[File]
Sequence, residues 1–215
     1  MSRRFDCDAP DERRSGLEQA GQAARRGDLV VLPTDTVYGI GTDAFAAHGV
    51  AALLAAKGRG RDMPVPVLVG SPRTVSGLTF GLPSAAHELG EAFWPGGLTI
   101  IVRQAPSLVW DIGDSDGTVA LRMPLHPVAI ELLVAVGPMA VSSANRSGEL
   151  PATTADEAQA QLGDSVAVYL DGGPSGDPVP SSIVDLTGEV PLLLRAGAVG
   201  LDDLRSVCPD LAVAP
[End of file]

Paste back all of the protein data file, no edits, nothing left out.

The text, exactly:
Sequence, residues 1–215
     1  MSRRFDCDAP DERRSGLEQA GQAARRGDLV VLPTDTVYGI GTDAFAAHGV
    51  AALLAAKGRG RDMPVPVLVG SPRTVSGLTF GLPSAAHELG EAFWPGGLTI
   101  IVRQAPSLVW DIGDSDGTVA LRMPLHPVAI ELLVAVGPMA VSSANRSGEL
   151  PATTADEAQA QLGDSVAVYL DGGPSGDPVP SSIVDLTGEV PLLLRAGAVG
   201  LDDLRSVCPD LAVAP